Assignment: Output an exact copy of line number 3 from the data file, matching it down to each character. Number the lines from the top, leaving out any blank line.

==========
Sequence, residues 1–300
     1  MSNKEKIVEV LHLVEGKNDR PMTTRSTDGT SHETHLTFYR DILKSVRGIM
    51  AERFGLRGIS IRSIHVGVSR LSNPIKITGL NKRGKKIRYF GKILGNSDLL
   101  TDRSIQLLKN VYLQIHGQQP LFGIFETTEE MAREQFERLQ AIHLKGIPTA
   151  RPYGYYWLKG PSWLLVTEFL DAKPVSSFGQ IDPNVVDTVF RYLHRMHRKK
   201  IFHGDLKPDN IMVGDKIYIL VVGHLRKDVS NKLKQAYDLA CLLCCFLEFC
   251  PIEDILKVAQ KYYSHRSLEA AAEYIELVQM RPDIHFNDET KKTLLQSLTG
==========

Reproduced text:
    51  AERFGLRGIS IRSIHVGVSR LSNPIKITGL NKRGKKIRYF GKILGNSDLL